The sooner they can get home to Carriageworks, the better. “I don’t know of any other arts precinct like this in Australia that’s so focused on more experimental, edgy work,” she says. “It’s not just a building for us, it’s a rare place that fosters that kind of output." And it’s not just about arts-makers, Shun Wah notes, pointing to the various markets that thrive in the beautiful brick building. “Carriageworks has managed very well to create a sense of community in the local area.”
The current crisis put paid to puppetry theatre company Erth’s planned American and Japanese tours of their Dinosaur Zoo show, but artistic director Scott Wright remains irrepressibly hopeful. “I spend so much time travelling, whether it’s overseas or interstate, so this whole lockdown thing has meant that I’ve been able to be grounded for the last two months, which hasn’t happened for years. It’s allowed us to take a step back and take stock of who we are and what we do.”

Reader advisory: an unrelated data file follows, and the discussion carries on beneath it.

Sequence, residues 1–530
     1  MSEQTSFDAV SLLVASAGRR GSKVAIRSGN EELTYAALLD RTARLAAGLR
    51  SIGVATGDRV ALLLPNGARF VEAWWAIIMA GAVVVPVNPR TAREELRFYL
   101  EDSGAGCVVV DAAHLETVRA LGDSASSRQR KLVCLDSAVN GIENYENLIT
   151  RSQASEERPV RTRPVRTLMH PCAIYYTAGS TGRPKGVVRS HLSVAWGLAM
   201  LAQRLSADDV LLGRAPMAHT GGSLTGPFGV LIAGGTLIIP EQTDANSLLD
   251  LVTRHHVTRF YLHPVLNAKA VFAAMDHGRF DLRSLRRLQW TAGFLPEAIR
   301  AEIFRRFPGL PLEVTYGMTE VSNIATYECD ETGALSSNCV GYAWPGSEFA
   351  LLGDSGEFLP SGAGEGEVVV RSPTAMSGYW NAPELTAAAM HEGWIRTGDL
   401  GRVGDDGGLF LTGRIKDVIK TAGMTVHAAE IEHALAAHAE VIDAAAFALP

The financial hit is hard, however. Erth too has been exploring digital options, but Carriageworks is the rock the company rests on. “People come to Erth’s offices and we talk, blah, blah, blah. But they get really excited when we take them down to our workshop. That’s the heart of what we do, where all the creativity happens before it goes out into the world.”
He says it’s the same for all the resident companies. “When you step in and go deeper, look at who’s here and what they’re creating, that’s where the lifeforce exists. And that lifeforce is strong and passionate and worth saving. I’m embedded into that building. There’s my blood on the floor, sweat in the brickwork, and skin flakes in the dust. You’ll never be able to remove me from it. I’m there to stay.”
Film and television production company Felix Media wasapproached but chose not to comment
Sadly Carriageworks cannot accept donations during voluntary administration, but you can read about its last major commission here.
This article is supported by the Judith Neilson Institute for Journalism and Ideas.